Executive Dow Constantine. Courtesy of King County.

Executive Dow Constantine. Courtesy of King County.

County executive announces coalition to tackle King County’s degrading state of behavioral health care

The policy proposals will be delivered to the King Couty Council next month.

A coalition of elected leaders, health care professionals, crisis responders and community organizations recently announced the development of a broad policy approach to improve the state of behavioral health availability and sustainability across King County.

King County Executive Dow Constantine was joined on Aug. 11 by Seattle Mayor Bruce Harrell, King County Councilmember Girmay Zahilay, King County Sheriff Patti Cole-Tindall, Seattle City Councilmember Teresa Mosqueda, Behavioral Health and Recovery Division Director Kelli Nomura, Representative Nicole Macri and SEIU Healthcare 1199NW.

Constantine said the health of families and communities, as well as the wellbeing of service providers, depends on creating solutions to meet the rising need for behavioral health care and timely support for people experiencing mental health distress.

“An ongoing pandemic, long-standing racial injustice, increasing levels of fatal drug use, and underfunding of human services have left people to fend for themselves, in homes and on the street, or consigned them to jails and emergency rooms,” said Constantine. “This newly formed coalition will work with all sectors, in all corners of the county, to confront this crisis with the urgency and scale required.”

The coalition works towards developing the final proposal, although Constantine is prioritizing three areas with hopes of bolstering the county’s behavioral health system. The first approach consists of building a regional network of care centers so that individuals, families and first responders can access same-day, 24/7 care for thousands of people annually.

The second priority is restoring and expanding the residential mental health bed capacity, which assists individuals with recovering for extended periods of time; as a result, this leads to more effective, more accessible and more equitable care.

The final priority consists of developing a workforce to staff behavioral health care services, and includes evaluating compensation models and creating recruitment and retention strategies for both credentialed and non-credentialed behavioral health care workers.

“The King County Sheriff’s Office has long recognized that our community needs thoughtful and innovative alternatives to meet the acute needs of persons experiencing a behavioral health crisis,” said King County Sheriff Patti Cole-Tindall. “We continue to hear from communities about concern for public safety and it is clear when people are not able to access the behavioral health care they need, it puts families and communities at risk.”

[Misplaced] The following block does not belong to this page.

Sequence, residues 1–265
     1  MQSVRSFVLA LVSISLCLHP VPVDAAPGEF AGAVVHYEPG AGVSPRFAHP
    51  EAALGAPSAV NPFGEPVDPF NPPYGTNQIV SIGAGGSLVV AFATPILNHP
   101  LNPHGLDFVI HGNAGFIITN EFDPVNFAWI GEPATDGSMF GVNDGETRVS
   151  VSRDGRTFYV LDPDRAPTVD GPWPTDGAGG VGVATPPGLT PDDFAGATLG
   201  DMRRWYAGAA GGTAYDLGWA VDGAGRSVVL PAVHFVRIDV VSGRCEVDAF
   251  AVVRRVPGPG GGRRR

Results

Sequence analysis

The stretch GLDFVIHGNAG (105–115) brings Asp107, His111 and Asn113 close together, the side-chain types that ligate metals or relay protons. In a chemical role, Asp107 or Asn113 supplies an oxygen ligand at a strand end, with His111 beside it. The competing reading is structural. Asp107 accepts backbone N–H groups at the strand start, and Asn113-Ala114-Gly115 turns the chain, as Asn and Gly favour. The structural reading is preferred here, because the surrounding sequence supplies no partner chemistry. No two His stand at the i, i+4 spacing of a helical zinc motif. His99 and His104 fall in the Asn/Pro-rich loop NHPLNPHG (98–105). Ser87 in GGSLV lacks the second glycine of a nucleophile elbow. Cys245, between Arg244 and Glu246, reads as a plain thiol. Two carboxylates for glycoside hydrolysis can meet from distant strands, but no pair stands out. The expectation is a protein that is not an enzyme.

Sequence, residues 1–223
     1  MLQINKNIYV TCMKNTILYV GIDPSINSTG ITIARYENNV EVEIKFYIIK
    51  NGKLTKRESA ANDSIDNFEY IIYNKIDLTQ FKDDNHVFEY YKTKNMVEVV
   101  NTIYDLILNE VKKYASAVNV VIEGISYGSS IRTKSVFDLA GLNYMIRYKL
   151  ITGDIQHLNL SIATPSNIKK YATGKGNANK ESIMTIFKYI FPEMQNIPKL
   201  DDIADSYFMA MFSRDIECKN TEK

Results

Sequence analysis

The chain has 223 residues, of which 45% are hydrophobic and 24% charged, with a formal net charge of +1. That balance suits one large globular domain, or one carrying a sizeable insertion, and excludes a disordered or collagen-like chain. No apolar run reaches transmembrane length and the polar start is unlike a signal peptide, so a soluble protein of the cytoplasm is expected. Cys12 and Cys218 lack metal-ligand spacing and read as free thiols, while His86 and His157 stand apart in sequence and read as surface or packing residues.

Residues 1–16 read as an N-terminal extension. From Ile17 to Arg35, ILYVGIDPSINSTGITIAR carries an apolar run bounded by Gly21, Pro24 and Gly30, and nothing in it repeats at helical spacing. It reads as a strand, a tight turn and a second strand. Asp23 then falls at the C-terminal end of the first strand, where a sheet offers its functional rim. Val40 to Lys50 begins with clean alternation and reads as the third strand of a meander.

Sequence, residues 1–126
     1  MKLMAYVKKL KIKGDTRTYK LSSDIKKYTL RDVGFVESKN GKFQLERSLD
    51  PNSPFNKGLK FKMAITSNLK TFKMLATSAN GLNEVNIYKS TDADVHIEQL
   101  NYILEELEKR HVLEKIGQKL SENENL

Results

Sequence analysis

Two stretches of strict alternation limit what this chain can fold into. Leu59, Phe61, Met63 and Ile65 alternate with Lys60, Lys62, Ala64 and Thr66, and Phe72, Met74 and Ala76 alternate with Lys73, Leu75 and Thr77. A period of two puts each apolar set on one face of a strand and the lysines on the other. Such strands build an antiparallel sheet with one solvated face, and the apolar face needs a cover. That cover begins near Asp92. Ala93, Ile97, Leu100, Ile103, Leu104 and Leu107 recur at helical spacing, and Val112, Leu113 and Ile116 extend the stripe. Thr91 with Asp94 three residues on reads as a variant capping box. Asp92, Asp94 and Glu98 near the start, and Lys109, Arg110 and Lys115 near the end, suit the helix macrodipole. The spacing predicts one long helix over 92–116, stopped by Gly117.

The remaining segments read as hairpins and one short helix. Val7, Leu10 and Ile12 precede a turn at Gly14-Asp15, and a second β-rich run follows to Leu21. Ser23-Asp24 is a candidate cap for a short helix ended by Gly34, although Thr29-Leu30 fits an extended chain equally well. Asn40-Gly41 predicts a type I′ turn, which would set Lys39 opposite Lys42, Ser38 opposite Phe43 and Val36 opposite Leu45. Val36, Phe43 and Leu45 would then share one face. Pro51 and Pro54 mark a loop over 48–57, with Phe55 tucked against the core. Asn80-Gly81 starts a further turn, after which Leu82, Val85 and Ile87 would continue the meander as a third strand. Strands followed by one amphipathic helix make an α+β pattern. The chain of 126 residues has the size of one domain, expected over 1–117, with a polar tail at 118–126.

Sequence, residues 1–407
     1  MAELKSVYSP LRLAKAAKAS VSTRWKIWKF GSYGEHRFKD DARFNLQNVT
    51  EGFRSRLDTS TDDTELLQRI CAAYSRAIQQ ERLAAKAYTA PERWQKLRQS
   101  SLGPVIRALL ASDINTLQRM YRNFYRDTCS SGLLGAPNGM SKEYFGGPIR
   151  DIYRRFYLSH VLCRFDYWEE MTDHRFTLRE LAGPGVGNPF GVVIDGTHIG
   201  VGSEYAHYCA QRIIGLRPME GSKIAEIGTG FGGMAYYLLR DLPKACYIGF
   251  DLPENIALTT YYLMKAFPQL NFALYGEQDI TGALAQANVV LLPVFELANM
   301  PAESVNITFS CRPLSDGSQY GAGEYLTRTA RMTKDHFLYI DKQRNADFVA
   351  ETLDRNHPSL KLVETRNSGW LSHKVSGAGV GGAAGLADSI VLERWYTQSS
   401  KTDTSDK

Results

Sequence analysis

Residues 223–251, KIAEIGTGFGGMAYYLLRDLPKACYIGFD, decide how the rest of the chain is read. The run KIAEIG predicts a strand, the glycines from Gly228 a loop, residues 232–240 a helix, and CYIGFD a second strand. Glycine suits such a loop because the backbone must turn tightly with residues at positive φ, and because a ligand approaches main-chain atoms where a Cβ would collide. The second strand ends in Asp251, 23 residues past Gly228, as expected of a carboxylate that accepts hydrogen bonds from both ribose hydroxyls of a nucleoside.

Currently, King County is without a walk-in behavioral health urgent care facility, and only one 46-bed behavioral health crisis facility is open for the entire county. The region’s only voluntary crisis facility resource, Crisis Solutions Center, requires a first responder or hospital referral due to the limited capacity.

According to King County, residential treatment beds have been following a steady decline. In 2018, there were 355 available beds for mental health residential care while today, only 244 beds are available. In 2022, individuals in King County wait on average 44 days to be placed in a mental health residential bed, according to the county.

“Our ability to respond to behavioral health crisis events is itself in crisis,” said Michelle McDaniel, CEO of Crisis Connections. “As one of the primary connectors of people in crisis to services, Crisis Connections sees firsthand how deeply under resourced the behavioral health system is in our region.”

McDaniel added that without urgent action, people experiencing crisis — in addition to the staff and organizations that care for people, and the community at large — are at risk.

In the 2022 legislative session, lawmakers invested in behavioral health which included funding for mobile crisis services, rate increases for community based Medicaid and non-Medicaid services and one-time payments for behavioral health providers.

Naomi Morris is a nurse with SEIU Healthcare 1199NW who works in the Program for Assertive Community Treatment, which is a team designed to support individuals so they avoid being placed in hospitals or jails.

“Our program works, but the system is failing us right now because my colleagues and I are being asked to do the impossible,” said Morris, who mentioned how low wages and high stress levels have turnover rates so high. Morris said she is also the only nurse on the team when there should be three nurses. “I’m also the only person of color on my team. We need more workers, and they need to match the community — but we will only get there if we support workers. This needs to be a profession that people can make a career in, leave their workday with a sense of accomplishment, and be healthy.”

Once the proposal is finalized and approved, King County will work with state agencies, state legislators and behavioral health providers to partner in addressing key priorities within the behavioral health and crisis response system.

The policy proposals will be delivered to the King County Council alongside Executive Dow’s 2023-2024 biennial budget next month.


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